10 Surprisingly Reliable Muscle Cars We’d Buy In 2022

Shirley Beal
10 Surprisingly Reliable Muscle Cars We’d Buy In 2022

Muscle cars and reliability are not two terms that are commonly connected. Yet, decades after they debuted in the 1960s, it’s not unusual to see a classic Ford Mustang or Chevrolet Camaro still on the roadways, or in excellent condition in used car markets. The fact is that the best American muscle cars were built with durable frames and quality craftsmanship, and novice mechanics can learn to keep them running due to their relatively simple and accessible internals.

Modern muscle cars seek to bring the raw horsepower of these classic machines into an automotive world that demands an even higher level of performance, driving technology, and comfort. Some models like the Ford Mustang try to address the lack of fuel efficiency of older muscle cars with its EcoBoost engine delivering more miles per gallon and making it a sensible daily driver.

Recent muscle cars offer increasing reliability ratings along with a surprising variety of luxury vehicles and 4-door sedans that accommodate more passengers and cargo. Whether shopping for a new or a slightly older used model, there are few excuses left these days not to experience the raw power of a V8 equipped muscle car.

RELATED: 8 Modifications Ford Mustang Owners Should Consider (2 They Should Steer Clear Of)

10/10 Cadillac CTS

Black 2014 Cadillac CTS
Via Cadillac

When car enthusiasts think of Cadillac, muscle cars are definitely not the first things that come to mind. Known more for luxury and larger sedans that provide ultra-comfortable rides, Cadillac tried to change its image in 2003 with the debut of the mid-sized Cadillac CTS and its even higher-performance variant, the CTS-V.

White 2014 Cadillac CTS
Via Cadillac

Taking cues from the Z06 Corvette, the first Cadillac CTS-V included an LS6 V-8 engine, giving it some jaw-dropping raw power. The CTS was eventually discontinued in 2019, but not before Repair Pal gave it a 3.5 out of 5 rating for reliability, ranking it higher than most high-performance sports cars.

9/10 Equus Bass 770

Red Equus Bass 770 Side View
Via Equus

The Equus Bass 770 is a modern muscle car that you might mistake for a 60-year-old classic based on outward appearances alone. Equus Automotive, founded in 2008, sought to combine the style of beloved cars Ford Mustang and Dodge Charger while implementing modern luxury and safety features.

Black Equus Bass 770
Via Equus

The hand-built and highly-customizable Equus Bass 770 is also not meant to be a vehicle that you keep in your garage as a showpiece. The manufacturer claims that the car has easily survived 150,000-mile road tests, matching, if not exceeding, the reliability of other modern muscle cars.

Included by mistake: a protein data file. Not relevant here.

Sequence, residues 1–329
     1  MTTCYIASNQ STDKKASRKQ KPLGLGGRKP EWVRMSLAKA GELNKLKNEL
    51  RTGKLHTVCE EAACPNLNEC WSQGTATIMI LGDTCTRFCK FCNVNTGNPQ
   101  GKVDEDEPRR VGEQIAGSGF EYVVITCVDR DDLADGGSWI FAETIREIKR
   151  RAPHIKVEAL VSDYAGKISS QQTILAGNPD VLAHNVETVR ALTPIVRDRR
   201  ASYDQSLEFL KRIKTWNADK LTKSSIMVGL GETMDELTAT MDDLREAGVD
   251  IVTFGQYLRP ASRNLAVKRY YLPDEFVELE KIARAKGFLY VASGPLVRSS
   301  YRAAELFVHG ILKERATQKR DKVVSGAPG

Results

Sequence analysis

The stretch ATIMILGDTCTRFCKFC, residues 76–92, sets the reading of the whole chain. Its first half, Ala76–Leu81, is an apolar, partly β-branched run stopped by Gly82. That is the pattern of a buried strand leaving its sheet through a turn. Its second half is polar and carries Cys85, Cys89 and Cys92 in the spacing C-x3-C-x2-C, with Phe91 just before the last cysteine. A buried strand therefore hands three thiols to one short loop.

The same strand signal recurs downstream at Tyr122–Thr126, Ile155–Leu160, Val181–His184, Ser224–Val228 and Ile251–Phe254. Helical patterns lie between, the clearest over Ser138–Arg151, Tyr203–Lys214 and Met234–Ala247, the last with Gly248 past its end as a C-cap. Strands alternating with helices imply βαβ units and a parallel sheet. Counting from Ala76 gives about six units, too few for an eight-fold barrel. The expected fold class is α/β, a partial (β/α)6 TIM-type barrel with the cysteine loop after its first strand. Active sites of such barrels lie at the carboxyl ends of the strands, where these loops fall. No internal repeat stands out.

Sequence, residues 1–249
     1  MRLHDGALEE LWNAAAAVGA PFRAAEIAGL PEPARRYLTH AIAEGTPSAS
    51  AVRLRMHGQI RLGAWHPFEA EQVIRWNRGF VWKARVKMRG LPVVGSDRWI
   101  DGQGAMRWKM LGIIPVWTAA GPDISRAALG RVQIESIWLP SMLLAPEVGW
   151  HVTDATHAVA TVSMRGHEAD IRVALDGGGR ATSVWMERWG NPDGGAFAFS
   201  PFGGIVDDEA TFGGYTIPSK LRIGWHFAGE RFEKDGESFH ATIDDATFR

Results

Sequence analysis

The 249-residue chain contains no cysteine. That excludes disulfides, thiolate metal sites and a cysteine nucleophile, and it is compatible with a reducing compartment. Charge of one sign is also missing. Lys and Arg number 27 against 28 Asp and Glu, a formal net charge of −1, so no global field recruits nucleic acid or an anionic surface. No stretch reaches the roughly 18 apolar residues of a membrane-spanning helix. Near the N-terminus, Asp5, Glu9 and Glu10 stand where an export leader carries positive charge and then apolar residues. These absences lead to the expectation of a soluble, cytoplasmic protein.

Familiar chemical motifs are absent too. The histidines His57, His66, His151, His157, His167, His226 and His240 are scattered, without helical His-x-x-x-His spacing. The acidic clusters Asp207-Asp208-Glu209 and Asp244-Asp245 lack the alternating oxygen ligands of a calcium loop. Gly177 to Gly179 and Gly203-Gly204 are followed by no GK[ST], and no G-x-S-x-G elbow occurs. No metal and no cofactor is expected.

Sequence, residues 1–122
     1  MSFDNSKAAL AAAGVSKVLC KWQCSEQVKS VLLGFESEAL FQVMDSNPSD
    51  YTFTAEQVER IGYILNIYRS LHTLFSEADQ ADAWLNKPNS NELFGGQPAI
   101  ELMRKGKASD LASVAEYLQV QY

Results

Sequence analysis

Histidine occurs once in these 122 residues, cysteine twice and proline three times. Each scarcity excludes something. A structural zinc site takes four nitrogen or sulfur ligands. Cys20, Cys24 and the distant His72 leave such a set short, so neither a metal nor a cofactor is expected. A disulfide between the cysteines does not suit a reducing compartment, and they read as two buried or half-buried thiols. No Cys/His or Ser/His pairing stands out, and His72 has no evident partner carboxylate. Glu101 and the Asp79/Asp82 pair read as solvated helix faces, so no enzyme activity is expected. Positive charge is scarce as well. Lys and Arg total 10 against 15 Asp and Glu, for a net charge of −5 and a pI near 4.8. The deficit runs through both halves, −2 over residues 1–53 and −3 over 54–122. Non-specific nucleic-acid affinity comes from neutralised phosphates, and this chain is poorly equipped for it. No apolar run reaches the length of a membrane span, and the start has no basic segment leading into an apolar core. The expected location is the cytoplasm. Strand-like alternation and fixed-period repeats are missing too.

8/10 Plymouth Road Runner

Orange 1972 Plymouth Road Runner
GPS 56 Via Wikimedia Commons

As an attempt to offer an alternative to muscle cars in the late 1960s which had become increasingly complex and expensive, Plymouth developed the idea of the Road Runner which offered plenty of power along with a reasonable price tag.

Tan 1974 Plymouth Road Runner
Sicnag Via Wikimedia Commons

Until it was discontinued in 1980, the Road Runner developed a reputation as a heavy-duty muscle car that could function more than reliably as a daily driver. As a result, you can routinely find Road Runners on the used car market with over 100,000 thousand miles that have stood the test of time remarkably well.

7/10 Pontiac GTO

Red 1970 Pontiac GTO
Via Mecum Auctions

The Pontiac GTO proves the theory that necessity is the mother of invention. Responding to a surprising General Motors ban on producing racing-oriented vehicles, Pontiac and its famed engineer John DeLorean had to get creative in modifying a LeMans design to qualify as a reliable daily driving muscle car suitable for the general public.

Green 1969 Pontiac GTO
Via Mecum Auctions

The first Pontiac GTO in 1963 ushered in the golden era of muscle cars in the 1960s and 1970s. The modern-day Pontiac GTO looks almost nothing like the classic muscle car, but both share some of the top reliability scores for their class.

RELATED: 10 Awesome Facts About The Pontiac GTO

6/10 Pontiac Firebird

White 1973 Pontiac Firebird Trans Am
Via Bring a Trailer